Search engines indexing more than you wanted?
Last week, Wired ran a story on a publication released by the NSA about internet research techniques. The document was released after a freedom of information request and covers a range of topics including how you can use Google to be a spy. The pdf document described how you can use advanced search operators in mainstream search engines to find things which may not have been intended for public viewing.
While the information is unlikely to surprise anyone who knows how to use the more advanced features search engines offer, for many it may come as a shock to see how easily sensitive information can end up appearing in Googles search results.
Modern search engines like Google are extremely powerful. Fortunately you do not need to understand how search engines work to use them but unfortunately this also means few understand the potential risks search engines can pose. In this blog post we are going to look at those risks highlighted in the NSA publication and help you understand how you can protect your sensitive information.
The first rule to know is that if google can index something it will! There are ways you can tell search engines that you do not want something indexed but they all rely on the search engines complying with your request voluntarily. While I would always expect major search engines like Google and Bing to follow your instructions, for the purposes of security you need to assume that they would ignore you completely. You also need to remember that there are plenty of other search engines out there who may not be as nice. If it is hosted online and publicly available then it could appear in the results.
One of the most common mistakes we see is assuming that because a web page is behind a user login all the files that page then links to are also secure. The web page is just the avenue to find those files, securing that access route does not mean you have secured all access routes.
Search engines use a range of methods to find content to add to its index. One which many people are not aware of is through email. Running an email service like gmail provides Google with a number of benefits including the ability to use the links in emails which pass through its system to discover new content. If you send someone a link to a pdf hosted on your website which is not for public release and either you or the person receiving the email is using gmail, you could find that pdf document appearing in Google's search index for all to see. What's more, just because an email address does not end in gmail.com does not nesseserily mean it is not a gmail account.
Another big mistake people make is assuming that Google cannot read most file types. While Google cannot read every file type, it can read more than most people realise. Just because it isn't a web page does not mean that Google cannot open it up, have a read, understand what it is and help people find it via its search results. Even those files which Google cannot read can still appear in the index.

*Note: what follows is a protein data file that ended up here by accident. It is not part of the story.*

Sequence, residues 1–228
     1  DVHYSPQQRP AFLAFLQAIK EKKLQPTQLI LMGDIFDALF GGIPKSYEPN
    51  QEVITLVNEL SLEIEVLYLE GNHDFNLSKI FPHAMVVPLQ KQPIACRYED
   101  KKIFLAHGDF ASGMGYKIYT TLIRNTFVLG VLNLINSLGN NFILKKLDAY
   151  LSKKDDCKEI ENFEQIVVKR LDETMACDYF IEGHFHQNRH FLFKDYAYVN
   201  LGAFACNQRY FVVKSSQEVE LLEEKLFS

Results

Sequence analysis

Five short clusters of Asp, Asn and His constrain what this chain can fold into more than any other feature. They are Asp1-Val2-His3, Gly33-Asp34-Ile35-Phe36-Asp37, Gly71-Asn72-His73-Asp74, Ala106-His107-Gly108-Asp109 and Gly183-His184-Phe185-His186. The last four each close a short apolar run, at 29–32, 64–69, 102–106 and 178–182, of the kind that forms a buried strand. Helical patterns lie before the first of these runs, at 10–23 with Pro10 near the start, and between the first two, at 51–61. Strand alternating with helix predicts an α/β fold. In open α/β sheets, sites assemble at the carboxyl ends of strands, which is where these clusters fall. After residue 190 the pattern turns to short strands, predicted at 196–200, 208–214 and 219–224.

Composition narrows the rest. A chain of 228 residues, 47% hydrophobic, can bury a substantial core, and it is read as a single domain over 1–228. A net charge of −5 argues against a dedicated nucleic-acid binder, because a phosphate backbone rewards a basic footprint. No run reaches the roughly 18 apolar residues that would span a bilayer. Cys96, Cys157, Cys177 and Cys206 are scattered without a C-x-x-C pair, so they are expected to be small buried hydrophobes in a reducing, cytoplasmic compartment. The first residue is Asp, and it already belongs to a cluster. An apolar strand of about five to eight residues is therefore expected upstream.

What can you do about it
If you think you may have fallen victim to an overly efficient Google indexing things you didn't want it to, the first thing is to go to the horses mouth. We can do this by using the very same advanced search techniques to check which of our files Google knows about. The three main ones you will want to be aware of are the site operator (e.g. site:mywebsite.com), filetype operator (e.g. filetype:pdf) and how to use quote marks.
The site operator allows you to narrow down the search results to only those from a specific site. In this instance we can use it to see what Google can find on your website. To use it all you need to do is type site: followed by your domain name (without the www).
Depending on how large your website is the site operator may well be all you need but for larger site you may need to narrow the search down a bit. We can do this by adding the filetype operator. for this we want to type filetype: followed by the file extension we are looking for. Together you should end up with something like this:
If you suspect there may be some of your excel spreadsheets in Googles index you can use the site operator to search your site and the filetype operator to narrow the search down to just files ending in xls.
The last trick to learn is using quote marks. When you search for something in Google normally, quite often you may notice that the results do not mirror the phrase you searched for. This is because Google is trying to understand what you are looking for so will include similar phrases or alternative phrases for what you are looking for. By adding quote marks to the beginning and end of our search query we can tell Google we only want to see results which contain that exact phrase.
Using quote marks can be a great way to check if something specific has been indexed. All you need is to find a unique section of text which only exists in that document.
Once you are happy nothing has been indexed which shouldn't be, the aim of the game is to check that neither search engines or users can publicly access information which is supposed to stay private. Ensuring that your website and server are setup correctly is a must. If you have to host sensitive information online then take some time to try and access that information by alternative directions such as via a directory listing or typing the file path directly into a browser.
Ideally we always recommend avoiding hosting anything sensitive online if you can help it. When you have no choice only host it online for as long as required. Removing sensitive information once the need to host it has passed can greatly reduce the risks of unauthorised access.